I never thought about the possibility of this occurring, but today, I looked up a specific word in my trusty Oxford American Dictionary and it just happened to be the very last word in the dictionary. I felt like I’d won a prize and that bells would start clanging and confetti would rain down on me as my finger rested triumphantly on this famous last word. No such thing happened, but it was somehow a very satisfying experience to have sought out the last alphabetically-ordered word in the English language. I thought it would be an obscure and scientific-sounding consonant cluster like Zzyxglene XZ-2 or something. Instead, it is a pleasant little word that is just as fun to look at as it is to say: zymurgy. And this whole story would be completely irrelevant if not for the fact that zymurgy is the study or practice of fermentation. Which is to say, in a roundabout way, that today’s bread made really excellent use of the fermentation process. So much so that I was inclined to poke around and read more about fermentation, naturally leading me to this excellent word, which is one that I will now almost certainly try to use in conversation at least once in life.
What made today’s bread so delicious was that two fermentation approaches were utilized in one dough. Not only was the signature Reinhart move employed (overnight refrigeration) but so too was a starter used. In this case, the starter was a pâte fermentée, which, unlike a biga or a poolish, is a legitimate and complete bread dough in itself. Since I didn’t have any old leftover dough to pop in my new dough, I made a small fresh batch and let it ferment at room temperature for a good long while (although an overnight in the fridge couldn’t have hurt the flavor). Armed with this bubbling beauty and a plethora of ingredients, I was ready to tackle Reinhart’s Pane Siciliano, which I consider to be the most beautiful loaf in all of The Bread Baker’s Apprentice.
I took my 16 oz. of pâte fermentée, and mixed it up with 12 oz. lukewarm water, 1 1/4 tsp. yeast, 1 TB honey, 2 TB olive oil, 1 1/4 tsp. salt, 8 oz. semolina flour, and 8 oz. bread flour (I ended up kneading in quite a lot more bread flour before the dough felt just right.)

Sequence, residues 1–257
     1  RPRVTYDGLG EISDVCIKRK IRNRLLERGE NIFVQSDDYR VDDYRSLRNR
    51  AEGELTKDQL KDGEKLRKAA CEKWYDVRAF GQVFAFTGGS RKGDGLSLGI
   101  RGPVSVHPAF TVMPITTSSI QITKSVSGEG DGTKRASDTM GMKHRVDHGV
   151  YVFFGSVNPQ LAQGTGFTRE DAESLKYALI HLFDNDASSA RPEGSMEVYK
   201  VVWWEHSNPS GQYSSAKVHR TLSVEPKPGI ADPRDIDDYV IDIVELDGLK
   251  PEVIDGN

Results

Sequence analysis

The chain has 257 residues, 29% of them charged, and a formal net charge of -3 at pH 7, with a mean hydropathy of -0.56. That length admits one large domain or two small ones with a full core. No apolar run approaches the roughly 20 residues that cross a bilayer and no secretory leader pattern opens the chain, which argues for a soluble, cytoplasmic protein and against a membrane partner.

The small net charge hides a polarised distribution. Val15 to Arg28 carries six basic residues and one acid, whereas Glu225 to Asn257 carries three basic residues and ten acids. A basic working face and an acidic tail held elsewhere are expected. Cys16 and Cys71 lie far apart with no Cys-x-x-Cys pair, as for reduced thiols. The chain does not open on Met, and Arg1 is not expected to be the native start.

At this point I could already tell that the bread was going to be scrumptious just because it felt so heavenly underneath my palms. I could have carried on kneading all night, but stopped myself after the usual 10 minutes, and left the dough to ferment at room temperature until it doubled.
I took my doubled dough and chopped it into three pieces (with ease, might I add, thanks to the generously gifted dough scraper). I then began the process that attracted me to this particular loaf in the first place: rolling and spiraling!
I think I am going to shape every subsequent loaf into a spiral for the rest of my bread making days. It is very satisfying and I suggest you give it a go. I stuck my three scrolls into the fridge after covering them with a bag to retain the moisture, and let the second part of the zymurgy magic take place overnight. When I pulled the dough out of the fridge the next day I found that my bread had somehow over-proofed a bit in my fridge. Instead of nice svelt periwinkles, I had a tray full of chubby rogue snails living life on the edge after having busted through their shells. Apparently, my fridge likes to freeze the mesclun mix on the top shelf, but is happy to provide my bottom-shelf dough with enough balmy weather to induce rapid overnight inflation. Luckily, the over-proofing wasn’t drastic enough to cause deflation, so I quickly sprinkled some sesame seeds on top and popped those snaily monsters into the 450 degree oven.
Before long, the fruits of the fermentation labor paid off, and a beautiful golden crust formed from all of the freed sugars within the dough. The scroll shape got lost in the baking, as I assumed it would after the over-proofing blow-out, but the bread still had a nice oven rise and looked quite lovely.
The crust was thick and crackly and caramel colored and it warmed the cockles of my heart, whatever those are.
If you’ll excuse another etymological tangent, I just happened to glance at the dictionary again to see what it had to say about the cockles of my heart. Instead of finding my answer, I found that cockle (the verb) means to “bulge out in certain places so as to present a wrinkled or creased surface; pucker.” And wouldn’t you know it, this derives from the French coquiller, which is to “blister [as] bread in cooking.” Well, well, dictionary, you certainly have been most enlightening today. I still don’t know why we refer to the cockles of our hearts (perhaps because cockles are bivalves, and our hearts have valves…?) but I like to think that cockled bread warms my heart anyway.
Cutting into this loaf was quite lovely, as a symphony of crackles was unleashed against the edge of my bread knife. The crumb was light and tender (although a little less lofty than it should have been, again due to the over-proofing) and just begged to be spread with a pat of butter. This I did in short order, and was soon munching on a really, really tasty piece of bread.
I have to say that this is probably my absolute favorite bread so far. I love the flavor of the semolina flour, the gentle contribution of the olive oil, and the delicate sweetness of the double fermentation. The texture was both chewy and soft and the crumb was so moist. The sesame seeds were an excellent added crunch, but the real star of this loaf was the flour itself. If I ever doubted before, I certainly won’t again–time is the most important element in creating a delicious loaf of bread. When in doubt, ferment! (Or zymurgize?)